Linked by Thom Holwerda on Fri 22nd Mar 2013 10:02 UTC
Hardware, Embedded Systems "But a powerful new type of computer that is about to be commercially deployed by a major American military contractor is taking computing into the strange, subatomic realm of quantum mechanics. In that infinitesimal neighborhood, common sense logic no longer seems to apply. A one can be a one, or it can be a one and a zero and everything in between - all at the same time. [...] Now, Lockheed Martin - which bought an early version of such a computer from the Canadian company D-Wave Systems two years ago - is confident enough in the technology to upgrade it to commercial scale, becoming the first company to use quantum computing as part of its business." I always get a bit skeptical whenever I hear the words 'quantum computing', but according to NewScientist, this is pretty legit.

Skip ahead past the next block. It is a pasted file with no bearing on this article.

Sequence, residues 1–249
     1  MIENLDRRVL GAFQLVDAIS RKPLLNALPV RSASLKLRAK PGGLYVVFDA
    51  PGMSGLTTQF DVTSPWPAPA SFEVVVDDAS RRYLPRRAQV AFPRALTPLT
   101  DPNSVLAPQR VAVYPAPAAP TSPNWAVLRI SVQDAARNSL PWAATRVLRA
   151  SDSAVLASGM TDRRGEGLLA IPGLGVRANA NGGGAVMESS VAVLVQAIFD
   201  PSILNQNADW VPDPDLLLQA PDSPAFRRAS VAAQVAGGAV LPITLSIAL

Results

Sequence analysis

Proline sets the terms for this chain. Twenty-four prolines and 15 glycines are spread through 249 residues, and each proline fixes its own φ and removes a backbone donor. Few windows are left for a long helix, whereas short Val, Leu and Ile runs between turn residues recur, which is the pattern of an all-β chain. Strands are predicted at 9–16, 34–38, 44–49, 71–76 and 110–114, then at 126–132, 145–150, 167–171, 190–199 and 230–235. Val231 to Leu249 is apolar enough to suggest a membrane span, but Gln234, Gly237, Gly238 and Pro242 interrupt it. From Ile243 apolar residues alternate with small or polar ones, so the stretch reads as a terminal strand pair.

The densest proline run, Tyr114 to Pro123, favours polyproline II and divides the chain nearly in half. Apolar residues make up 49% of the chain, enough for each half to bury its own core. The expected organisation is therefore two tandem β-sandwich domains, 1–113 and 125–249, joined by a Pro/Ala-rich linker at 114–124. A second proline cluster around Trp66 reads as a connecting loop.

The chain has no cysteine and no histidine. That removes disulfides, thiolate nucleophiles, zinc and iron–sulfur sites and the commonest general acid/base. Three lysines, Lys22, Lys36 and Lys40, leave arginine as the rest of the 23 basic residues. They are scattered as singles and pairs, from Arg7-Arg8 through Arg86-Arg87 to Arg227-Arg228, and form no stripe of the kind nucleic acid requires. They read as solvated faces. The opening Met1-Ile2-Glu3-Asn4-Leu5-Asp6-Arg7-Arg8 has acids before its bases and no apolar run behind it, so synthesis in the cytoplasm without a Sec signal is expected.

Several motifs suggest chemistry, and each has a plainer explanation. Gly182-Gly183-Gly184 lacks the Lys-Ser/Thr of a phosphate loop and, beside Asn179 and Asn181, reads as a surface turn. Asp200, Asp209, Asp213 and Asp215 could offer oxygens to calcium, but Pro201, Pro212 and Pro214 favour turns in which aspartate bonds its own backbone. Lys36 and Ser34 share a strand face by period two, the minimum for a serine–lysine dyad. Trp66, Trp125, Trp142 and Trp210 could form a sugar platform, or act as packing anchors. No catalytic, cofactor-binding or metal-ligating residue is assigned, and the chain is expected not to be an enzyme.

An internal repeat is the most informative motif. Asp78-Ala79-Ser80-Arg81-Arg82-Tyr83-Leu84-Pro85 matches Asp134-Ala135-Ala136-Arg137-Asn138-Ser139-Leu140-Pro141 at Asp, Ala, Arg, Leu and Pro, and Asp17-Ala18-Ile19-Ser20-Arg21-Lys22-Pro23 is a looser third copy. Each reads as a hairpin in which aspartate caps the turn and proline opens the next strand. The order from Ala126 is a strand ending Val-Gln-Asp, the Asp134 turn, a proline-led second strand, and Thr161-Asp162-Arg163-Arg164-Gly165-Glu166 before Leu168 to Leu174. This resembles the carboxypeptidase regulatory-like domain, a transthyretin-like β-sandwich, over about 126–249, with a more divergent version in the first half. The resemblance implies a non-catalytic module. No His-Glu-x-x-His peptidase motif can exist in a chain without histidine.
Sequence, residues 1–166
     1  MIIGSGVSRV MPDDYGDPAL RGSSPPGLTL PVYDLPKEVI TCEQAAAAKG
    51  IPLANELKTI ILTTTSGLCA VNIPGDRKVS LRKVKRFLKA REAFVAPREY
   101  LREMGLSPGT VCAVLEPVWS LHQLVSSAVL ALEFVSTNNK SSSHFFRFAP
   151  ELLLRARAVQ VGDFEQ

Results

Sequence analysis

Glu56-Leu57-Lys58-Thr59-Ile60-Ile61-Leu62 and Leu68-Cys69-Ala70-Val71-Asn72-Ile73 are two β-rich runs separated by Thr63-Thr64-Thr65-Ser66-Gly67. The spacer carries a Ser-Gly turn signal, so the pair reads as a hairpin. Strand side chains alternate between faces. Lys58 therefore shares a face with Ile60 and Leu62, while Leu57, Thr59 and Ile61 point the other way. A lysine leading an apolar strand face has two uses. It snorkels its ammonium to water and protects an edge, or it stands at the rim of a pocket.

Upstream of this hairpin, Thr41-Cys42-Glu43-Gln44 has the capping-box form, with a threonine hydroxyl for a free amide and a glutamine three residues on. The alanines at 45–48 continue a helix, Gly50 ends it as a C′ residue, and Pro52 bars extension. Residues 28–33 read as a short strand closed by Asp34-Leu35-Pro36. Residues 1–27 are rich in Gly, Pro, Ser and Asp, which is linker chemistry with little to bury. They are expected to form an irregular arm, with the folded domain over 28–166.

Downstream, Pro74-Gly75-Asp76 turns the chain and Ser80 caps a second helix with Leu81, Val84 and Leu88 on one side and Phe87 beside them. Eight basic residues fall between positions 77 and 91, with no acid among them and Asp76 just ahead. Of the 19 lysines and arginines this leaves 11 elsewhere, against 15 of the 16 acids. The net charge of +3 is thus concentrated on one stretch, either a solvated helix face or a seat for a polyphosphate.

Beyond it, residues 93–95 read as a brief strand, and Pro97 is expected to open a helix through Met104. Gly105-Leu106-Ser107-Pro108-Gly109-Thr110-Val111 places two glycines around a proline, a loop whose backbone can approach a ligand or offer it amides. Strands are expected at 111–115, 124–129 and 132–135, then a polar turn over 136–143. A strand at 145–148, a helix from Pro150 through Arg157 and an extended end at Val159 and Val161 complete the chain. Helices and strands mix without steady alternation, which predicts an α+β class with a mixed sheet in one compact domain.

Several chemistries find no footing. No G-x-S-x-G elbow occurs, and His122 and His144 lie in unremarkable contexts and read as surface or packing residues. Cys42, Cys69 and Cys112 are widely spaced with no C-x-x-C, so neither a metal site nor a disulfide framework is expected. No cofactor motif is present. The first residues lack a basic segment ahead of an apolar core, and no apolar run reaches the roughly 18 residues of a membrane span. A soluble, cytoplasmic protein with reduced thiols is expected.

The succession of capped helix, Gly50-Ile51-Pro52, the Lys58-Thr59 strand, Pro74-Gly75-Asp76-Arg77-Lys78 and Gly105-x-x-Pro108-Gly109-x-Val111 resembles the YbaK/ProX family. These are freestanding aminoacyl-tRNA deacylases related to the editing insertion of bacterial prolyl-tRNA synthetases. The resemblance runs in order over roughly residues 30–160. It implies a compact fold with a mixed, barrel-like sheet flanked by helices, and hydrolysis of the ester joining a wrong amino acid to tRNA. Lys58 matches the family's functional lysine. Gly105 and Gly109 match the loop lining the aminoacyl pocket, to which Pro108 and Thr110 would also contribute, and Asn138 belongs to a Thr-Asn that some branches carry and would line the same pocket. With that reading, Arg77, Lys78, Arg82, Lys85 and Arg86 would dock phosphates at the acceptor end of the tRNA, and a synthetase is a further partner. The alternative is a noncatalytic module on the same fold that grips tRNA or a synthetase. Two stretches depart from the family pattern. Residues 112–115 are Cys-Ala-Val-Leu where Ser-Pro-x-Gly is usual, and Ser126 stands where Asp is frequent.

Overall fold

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RE[3]: later
by BeamishBoy on Sun 24th Mar 2013 18:13 UTC in reply to "RE[2]: later"
BeamishBoy
Member since:
2010-10-27

The moment you treat "infinity" like a discrete number and manipulate it with discrete operators like comparison, you break the concept of infinity.


This is completely incorrect.

Infinity is a well-defined concept. It's so well defined that one can talk about (i) different kinds of infinity, and (ii) how one version of infinity is "larger" than another.

I addressed this in another post by pointing out that the number of elements contained in the set of real numbers is one kind of infinity, and how this is smaller than the number of elements contained in the set of all subsets of real numbers.

I know this stuff is confusing but it's been understood by mathematicians for over a century.

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